BANGKOK – Thailand's national anti-graft agency has frozen the financial assets of former Division of Special Investigation (DSI) chief Tharit Pengdith, citing potential corruption.
Vicha Mahakhun, a spokesperson of the National Anti-Corruption Commission (NACC), said in a press conference today that Tharit is suspected of using his former office to seek personal gain. Tharit is also suspected of involvement in illegal land encroachment in three forests in Nakhon Ratchasima province, Vicha said.
According to Vicha, the asset freezing is a "temporary" measure until the investigation is resolved. Tharit has been summoned to provide testimony and declare the assets of his entire family to the NACC within 30 days.
Sansern Poljiak, sec-gen of the NACC, explained that the investigation into Tharit's assets was ordered in October 2014 because the former DSI chief appeared to be "unusually wealthy."
"Mr. Tharit Pengdith has behavior that lead us to believe there has been transfer, allocation, transformation, and hiding of financial assets related to his unusually wealthy status," Sansern said. "Therefore, we have ordered a freezing of the assets of Mr. Tharit Pengdith and [his wife] Mrs. Wassamol Pengdith temporarily under Section 78 of the 1999 Organic Act on Counter Corruption."
Sansern told reporters that the assets consist of bank deposits, lands, buildings, and vehicles worth 40,954,720.58 baht. Tharit has not been charged with any crime so far, he added.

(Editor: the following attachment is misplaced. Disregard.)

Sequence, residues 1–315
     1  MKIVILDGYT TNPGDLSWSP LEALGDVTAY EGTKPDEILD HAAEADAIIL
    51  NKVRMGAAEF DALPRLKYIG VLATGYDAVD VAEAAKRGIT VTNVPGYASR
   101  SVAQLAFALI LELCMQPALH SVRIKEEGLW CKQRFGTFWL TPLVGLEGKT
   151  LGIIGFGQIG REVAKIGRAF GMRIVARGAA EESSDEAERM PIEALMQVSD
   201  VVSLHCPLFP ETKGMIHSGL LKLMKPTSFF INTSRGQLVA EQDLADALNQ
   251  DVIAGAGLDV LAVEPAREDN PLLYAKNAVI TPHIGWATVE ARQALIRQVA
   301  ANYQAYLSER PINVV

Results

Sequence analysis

Tharit, who became director of the DSI in 2009, was ousted from his position several days after the military overthrew an elected government in a coup on 22 May 2014.
Although Tharit was initially seen as an enemy of the Redshirt movement – he was a member of the state body that oversaw a deadly crackdown on Redshirt protests in 2010 – the DSI chief's ties with Redshirt politicians later improved, especially after the Redshirt-backed Yingluck Shinawatra became Prime Minister in mid 2011.
When mass demonstrations broke out against Yingluck in November 2013, Tharit was appointed by the administration as a member of the Center for Maintaining Peace and Order (CMPO), an agency tasked with containing the protests. The appointment led many anti-Yingluck protesters to ridicule Tharit as a "lackey" of the Redshirts. The protesters also staged several demonstrations by the DSI headquarters to denounce Tharit.
The six-month street protests eventually culminated in the military coup that toppled the government in May 2014. Since the military takeover, the NACC has sought legal actions against members of the former administration, including retrospectively impeaching former PM Yingluck in January 2015 on charges of negligence. As a result of the impeachment, Yingluck has been banned from politics for five years.
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